“This campaign, if we get any significant number of votes in April, is also our way of telling Washington that the Internet can now stand up for itself if you try to legislate us,” Posterick said.

Mike Asmus, campaign manager for Smith, said Smith welcomes any challenges to his incumbency and uses his congressional record as evidence for his support of District 21.

“Congressman Smith enjoys a successful history of keeping the trust and support of the people of the 21st District,” Asmus said. “He responds to this and all challenges by running on his record.”

Regarding Smith’s sponsorship of the SOPA bill, Asmus said Smith has since reversed his support for the bill.

“Smith last month formally suspended further committee consideration of the [SOPA] proposal until and unless wider consensus can be reached on how to best crack down on illegal activity conducted on foreign websites,” Asmus said.

Printed on Monday, February 13, 2012 as: Lamar Smith denounced by Test PAC committee

U.S. Rep. Anthony Weiner, D-N.Y., addresses a news conference in New York, Monday, June 6, 2011. After days of denials, a choked-up New York Democratic Rep. Anthony Weiner confessed Monday that he tweeted a bulging-underpants photo of himself to a young woman and admitted to "inappropriate" exchanges with six women before and after getting married. (AP Photo/Richard Drew)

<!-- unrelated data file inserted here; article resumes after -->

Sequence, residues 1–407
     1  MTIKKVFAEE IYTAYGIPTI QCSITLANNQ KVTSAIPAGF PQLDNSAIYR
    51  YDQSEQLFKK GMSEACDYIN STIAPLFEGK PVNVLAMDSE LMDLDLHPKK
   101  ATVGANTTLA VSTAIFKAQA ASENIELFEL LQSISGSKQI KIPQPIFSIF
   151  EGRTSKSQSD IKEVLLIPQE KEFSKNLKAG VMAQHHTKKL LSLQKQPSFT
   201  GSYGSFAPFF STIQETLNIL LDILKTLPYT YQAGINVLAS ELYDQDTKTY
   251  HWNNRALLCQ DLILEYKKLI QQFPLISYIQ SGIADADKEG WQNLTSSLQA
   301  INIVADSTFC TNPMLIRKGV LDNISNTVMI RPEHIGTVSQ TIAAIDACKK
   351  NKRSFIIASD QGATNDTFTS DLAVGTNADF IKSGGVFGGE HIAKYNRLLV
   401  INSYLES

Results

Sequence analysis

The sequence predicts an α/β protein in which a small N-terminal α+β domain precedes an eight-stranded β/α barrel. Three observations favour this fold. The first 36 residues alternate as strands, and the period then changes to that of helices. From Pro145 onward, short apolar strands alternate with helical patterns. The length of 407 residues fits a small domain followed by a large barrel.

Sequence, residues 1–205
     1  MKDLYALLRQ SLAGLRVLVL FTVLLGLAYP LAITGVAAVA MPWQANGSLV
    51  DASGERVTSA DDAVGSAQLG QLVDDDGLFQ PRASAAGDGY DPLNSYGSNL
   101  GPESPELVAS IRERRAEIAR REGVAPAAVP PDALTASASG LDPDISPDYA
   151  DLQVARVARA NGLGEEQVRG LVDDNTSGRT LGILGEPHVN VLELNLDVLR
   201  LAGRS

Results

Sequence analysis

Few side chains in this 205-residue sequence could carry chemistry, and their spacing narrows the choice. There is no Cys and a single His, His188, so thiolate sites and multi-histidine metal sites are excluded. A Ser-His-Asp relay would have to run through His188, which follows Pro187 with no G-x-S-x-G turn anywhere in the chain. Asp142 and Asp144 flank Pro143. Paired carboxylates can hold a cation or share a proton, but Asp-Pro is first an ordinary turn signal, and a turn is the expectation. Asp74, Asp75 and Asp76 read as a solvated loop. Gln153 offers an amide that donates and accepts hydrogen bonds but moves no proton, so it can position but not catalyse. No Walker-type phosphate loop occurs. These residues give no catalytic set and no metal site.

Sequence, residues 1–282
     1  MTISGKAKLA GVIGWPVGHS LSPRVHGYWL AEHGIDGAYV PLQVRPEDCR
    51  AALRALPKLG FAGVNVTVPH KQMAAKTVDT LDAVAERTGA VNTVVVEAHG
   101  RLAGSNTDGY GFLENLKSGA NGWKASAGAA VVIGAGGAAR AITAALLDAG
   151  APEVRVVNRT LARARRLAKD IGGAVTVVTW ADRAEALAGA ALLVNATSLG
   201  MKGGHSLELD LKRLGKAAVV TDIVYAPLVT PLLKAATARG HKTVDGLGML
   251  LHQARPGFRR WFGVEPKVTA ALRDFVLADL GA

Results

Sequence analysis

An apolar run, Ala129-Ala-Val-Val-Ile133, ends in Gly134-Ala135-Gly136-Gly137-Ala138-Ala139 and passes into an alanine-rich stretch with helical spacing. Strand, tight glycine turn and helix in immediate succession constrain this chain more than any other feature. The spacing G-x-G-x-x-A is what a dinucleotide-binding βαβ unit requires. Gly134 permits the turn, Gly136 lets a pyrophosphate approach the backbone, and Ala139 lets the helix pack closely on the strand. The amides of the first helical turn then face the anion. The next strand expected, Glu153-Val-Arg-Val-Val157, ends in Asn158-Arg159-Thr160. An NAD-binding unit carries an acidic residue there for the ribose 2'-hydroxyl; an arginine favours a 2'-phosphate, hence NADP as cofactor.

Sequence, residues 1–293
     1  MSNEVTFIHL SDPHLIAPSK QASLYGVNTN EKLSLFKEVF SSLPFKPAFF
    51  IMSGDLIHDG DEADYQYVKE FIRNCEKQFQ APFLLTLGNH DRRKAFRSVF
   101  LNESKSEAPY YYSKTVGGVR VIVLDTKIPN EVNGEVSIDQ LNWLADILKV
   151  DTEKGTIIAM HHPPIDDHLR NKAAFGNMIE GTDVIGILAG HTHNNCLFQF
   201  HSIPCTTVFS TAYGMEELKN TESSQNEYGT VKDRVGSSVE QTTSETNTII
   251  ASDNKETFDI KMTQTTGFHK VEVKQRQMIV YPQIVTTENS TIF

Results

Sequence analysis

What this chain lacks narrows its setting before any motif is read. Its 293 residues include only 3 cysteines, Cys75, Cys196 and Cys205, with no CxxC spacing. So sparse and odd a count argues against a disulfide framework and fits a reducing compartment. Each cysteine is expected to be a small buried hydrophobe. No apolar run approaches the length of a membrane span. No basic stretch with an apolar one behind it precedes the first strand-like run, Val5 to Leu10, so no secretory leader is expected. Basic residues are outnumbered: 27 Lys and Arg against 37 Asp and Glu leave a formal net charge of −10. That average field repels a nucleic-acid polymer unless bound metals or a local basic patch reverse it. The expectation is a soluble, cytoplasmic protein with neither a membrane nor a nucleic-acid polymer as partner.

Photo Credit: The Associated Press

NEW YORK — After days of denials, a choked-up Rep. Anthony Weiner confessed Monday that he tweeted a photo of his bulging underpants to a young woman, and he also admitted to "inappropriate" exchanges with six women before and after he got married. He apologized for lying but said he would not resign.

"This was me doing a dumb thing and doing it repeatedly and lying about it," the 46-year-old New York Democrat said after a week of double-entendre headlines and late-night wisecracks full of Weiner jokes.

House Democratic leader Nancy Pelosi immediately called for an ethics committee investigation into whether Weiner broke House rules.

The congressman — who was widely expected to run for mayor of New York in 2013 — said at a half-hour news conference that he had never personally met any of the women he corresponded with online and sometimes via telephone over the past three years, and was not even sure of their ages. He also said he had never had sex outside of his marriage.